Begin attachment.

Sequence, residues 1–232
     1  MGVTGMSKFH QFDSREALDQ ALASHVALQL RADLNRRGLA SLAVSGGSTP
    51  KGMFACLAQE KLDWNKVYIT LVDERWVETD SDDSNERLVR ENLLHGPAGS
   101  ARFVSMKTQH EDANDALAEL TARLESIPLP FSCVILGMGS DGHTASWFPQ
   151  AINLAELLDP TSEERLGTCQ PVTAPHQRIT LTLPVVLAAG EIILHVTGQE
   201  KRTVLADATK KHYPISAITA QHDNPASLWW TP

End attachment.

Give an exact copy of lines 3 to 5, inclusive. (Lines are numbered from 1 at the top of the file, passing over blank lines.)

    51  KGMFACLAQE KLDWNKVYIT LVDERWVETD SDDSNERLVR ENLLHGPAGS
   101  ARFVSMKTQH EDANDALAEL TARLESIPLP FSCVILGMGS DGHTASWFPQ
   151  AINLAELLDP TSEERLGTCQ PVTAPHQRIT LTLPVVLAAG EIILHVTGQE